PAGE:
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Investing Basics

Investing Basics

| August 05, 2019
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Investing Basics

 

Saving and Investing Wisely
The first step in investing is to secure a strong financial foundation.

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Building on Your Foundation
Before you invest money, you should spend time setting your personal goals and considering your time horizon, risk tolerance, and liquidity needs.

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Types of Investments: Stocks
When you buy a company's stock, you're purchasing a share of ownership in that business. You become one of the company's stockholders or shareholders. Your percentage of ownership in a company also represents your share of the risks taken and profits generated by the company. If the company does well, your share of its earnings will be proportionate to how much of the company' s stock you own. The flip side, of course, is that your share of any loss will be similarly proportionate to your percentage of ownership.

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Types of Investments: Bonds
When you buy a bond, you're basically buying an IOU. Bonds, sometimes called fixed-income securities, are essentially loans to a corporation or governmental body. The borrower (the bond issuer) typically promises to pay the lender, or bondholder, regular interest payments until a certain date. At that point, the bond is said to have matured. When it reaches that maturity date, the full amount of the loan (the principal or face value) must be repaid.

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Types of Investments: Cash
In daily life, cash is all around you, as currency, bank balances, negotiable money orders, and checks. However, in investing, "cash" is also used to refer to so-called cash alternatives: investments that are considered safe and can be converted to cash quickly. Common cash alternatives include savings accounts, money market accounts, certificates of deposit, guaranteed investment contracts (GICs), government savings bonds, U.S. Treasury bills, Eurodollar certificates of deposit, commercial paper, and face amount certificates.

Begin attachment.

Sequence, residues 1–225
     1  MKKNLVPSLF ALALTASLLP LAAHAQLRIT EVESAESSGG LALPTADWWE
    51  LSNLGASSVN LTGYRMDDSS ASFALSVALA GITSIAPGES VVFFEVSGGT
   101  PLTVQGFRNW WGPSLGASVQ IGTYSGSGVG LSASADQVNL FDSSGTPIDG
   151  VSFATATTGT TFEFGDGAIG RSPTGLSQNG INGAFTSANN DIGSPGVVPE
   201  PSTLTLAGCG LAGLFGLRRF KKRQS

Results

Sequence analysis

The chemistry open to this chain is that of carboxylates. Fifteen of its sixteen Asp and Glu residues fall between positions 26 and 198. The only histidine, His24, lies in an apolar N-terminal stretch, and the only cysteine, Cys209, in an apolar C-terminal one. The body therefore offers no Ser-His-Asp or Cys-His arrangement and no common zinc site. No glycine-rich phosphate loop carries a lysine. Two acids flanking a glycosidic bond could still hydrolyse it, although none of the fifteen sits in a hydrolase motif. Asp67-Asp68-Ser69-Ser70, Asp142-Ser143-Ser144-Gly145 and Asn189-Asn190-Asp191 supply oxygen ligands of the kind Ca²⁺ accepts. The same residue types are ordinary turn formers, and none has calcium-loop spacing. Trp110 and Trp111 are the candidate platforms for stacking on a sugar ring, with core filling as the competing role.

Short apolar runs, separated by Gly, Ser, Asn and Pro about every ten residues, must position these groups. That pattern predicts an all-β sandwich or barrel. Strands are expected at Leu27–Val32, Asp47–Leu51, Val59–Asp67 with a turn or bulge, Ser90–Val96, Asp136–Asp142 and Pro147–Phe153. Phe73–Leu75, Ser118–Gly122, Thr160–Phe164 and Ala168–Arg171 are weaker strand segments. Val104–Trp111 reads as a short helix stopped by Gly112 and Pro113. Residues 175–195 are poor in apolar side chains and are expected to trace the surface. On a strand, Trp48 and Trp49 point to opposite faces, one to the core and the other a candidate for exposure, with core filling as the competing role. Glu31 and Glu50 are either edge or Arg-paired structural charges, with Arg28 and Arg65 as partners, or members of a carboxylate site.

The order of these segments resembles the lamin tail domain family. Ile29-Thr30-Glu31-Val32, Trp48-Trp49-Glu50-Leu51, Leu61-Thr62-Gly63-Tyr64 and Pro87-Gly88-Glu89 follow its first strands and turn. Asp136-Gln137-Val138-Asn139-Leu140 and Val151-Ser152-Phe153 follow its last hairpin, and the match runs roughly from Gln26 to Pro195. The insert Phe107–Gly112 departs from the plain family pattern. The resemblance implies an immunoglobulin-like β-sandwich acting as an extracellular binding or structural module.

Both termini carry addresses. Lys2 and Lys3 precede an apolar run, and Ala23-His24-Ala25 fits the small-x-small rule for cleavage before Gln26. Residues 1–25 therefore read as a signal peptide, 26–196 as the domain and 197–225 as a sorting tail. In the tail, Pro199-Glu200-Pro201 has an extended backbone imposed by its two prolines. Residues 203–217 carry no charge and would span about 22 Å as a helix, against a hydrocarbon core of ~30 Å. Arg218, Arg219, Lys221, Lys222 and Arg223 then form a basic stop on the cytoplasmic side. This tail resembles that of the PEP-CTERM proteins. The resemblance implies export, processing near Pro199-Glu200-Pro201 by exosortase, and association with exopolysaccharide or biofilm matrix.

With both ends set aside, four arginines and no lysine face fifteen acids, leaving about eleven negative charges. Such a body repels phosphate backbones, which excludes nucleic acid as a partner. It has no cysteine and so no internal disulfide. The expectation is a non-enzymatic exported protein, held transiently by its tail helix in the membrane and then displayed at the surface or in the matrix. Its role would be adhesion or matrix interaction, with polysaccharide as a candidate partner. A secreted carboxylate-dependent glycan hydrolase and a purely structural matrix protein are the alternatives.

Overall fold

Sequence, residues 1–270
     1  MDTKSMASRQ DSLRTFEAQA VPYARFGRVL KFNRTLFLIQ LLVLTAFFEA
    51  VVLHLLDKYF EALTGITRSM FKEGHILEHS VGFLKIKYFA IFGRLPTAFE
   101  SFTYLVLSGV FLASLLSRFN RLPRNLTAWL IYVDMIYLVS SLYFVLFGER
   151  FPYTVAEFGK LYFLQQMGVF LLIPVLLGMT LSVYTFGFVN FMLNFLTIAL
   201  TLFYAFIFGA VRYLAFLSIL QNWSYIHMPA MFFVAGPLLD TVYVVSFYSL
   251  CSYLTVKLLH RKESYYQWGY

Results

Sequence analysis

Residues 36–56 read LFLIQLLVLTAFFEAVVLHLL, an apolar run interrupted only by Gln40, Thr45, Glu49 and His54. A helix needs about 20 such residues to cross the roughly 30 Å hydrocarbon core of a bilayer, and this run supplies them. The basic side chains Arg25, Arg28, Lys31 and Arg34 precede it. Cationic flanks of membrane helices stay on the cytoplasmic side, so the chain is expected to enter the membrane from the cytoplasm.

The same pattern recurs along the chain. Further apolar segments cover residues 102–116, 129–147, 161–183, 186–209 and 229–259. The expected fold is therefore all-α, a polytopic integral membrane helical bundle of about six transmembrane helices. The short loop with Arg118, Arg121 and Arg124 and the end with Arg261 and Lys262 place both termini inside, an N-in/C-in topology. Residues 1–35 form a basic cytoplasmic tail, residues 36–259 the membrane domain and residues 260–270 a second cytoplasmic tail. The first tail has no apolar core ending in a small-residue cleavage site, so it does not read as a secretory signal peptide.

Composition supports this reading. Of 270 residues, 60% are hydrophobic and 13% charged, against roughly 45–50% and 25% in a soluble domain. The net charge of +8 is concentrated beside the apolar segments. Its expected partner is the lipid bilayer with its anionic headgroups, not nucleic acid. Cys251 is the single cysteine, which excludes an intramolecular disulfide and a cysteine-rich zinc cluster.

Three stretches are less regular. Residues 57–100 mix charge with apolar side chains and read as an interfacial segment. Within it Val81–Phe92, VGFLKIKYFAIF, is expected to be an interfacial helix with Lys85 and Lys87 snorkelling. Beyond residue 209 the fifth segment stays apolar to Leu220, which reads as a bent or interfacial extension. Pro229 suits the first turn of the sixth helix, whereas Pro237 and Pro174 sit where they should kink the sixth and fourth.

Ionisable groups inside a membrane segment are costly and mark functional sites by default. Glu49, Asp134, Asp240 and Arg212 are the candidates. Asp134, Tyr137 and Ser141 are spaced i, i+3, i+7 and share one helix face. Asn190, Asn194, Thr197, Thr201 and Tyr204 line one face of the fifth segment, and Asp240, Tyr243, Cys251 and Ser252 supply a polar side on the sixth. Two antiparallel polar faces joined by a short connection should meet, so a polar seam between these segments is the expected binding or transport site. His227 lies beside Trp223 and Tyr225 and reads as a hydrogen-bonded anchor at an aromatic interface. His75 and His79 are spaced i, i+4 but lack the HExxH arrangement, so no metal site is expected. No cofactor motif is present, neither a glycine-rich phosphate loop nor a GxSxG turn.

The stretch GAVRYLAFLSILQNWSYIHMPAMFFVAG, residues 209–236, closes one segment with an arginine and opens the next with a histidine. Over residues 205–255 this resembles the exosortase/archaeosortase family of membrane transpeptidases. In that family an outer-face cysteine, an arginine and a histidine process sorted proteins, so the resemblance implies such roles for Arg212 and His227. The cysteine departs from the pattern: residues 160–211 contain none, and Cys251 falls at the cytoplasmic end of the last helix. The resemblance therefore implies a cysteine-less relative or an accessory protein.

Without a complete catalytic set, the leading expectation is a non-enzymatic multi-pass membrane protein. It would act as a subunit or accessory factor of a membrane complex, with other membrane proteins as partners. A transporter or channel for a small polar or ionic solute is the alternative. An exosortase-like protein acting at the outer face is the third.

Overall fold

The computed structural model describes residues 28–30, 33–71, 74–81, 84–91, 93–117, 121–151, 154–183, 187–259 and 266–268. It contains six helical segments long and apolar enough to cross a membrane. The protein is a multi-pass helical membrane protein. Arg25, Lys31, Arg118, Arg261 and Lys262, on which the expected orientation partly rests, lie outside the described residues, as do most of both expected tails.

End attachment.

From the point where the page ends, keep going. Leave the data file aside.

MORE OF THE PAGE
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Investing Through Mutual Funds and ETFs
You can invest in all three major asset classes through mutual funds, which pool your money with that of other investors. Each fund's manager selects specific securities to buy based on a stated investment strategy.

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Asset Allocation
The combination of investments you choose can be as important as your specific investments. The mix of various asset classes, such as stocks, bonds, and cash alternatives, account for most of the ups and downs of a portfolio's returns.

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The opinions voiced in this material are for general information only and are not intended to provide specific advice or recommendations for any individual. To determine which investment(s) may be appropriate for you, consult your financial advisor prior to investing. All performance referenced is historical and is no guarantee of future results. All indices are unmanaged and cannot be invested into directly.

The information provided is not intended to be a substitute for specific individualized tax planning or legal advice. We suggest that you consult with a qualified tax or legal advisor.

LPL Financial Representatives offer access to Trust Services through The Private Trust Company N.A., an affiliate of LPL Financial.

This communication is strictly intended for individuals residing in the state(s) of AL, AZ, CA, CO, CT, FL, GA, IL, IN, LA, ME, MD, MA, MI, MS, NE, NV, NH, NY, NC, OH, PA, RI, SC, TX, VT, VA and WA. No offers may be made or accepted from any resident outside the specific states referenced.

Prepared by Broadridge Advisor Solutions Copyright 2019.

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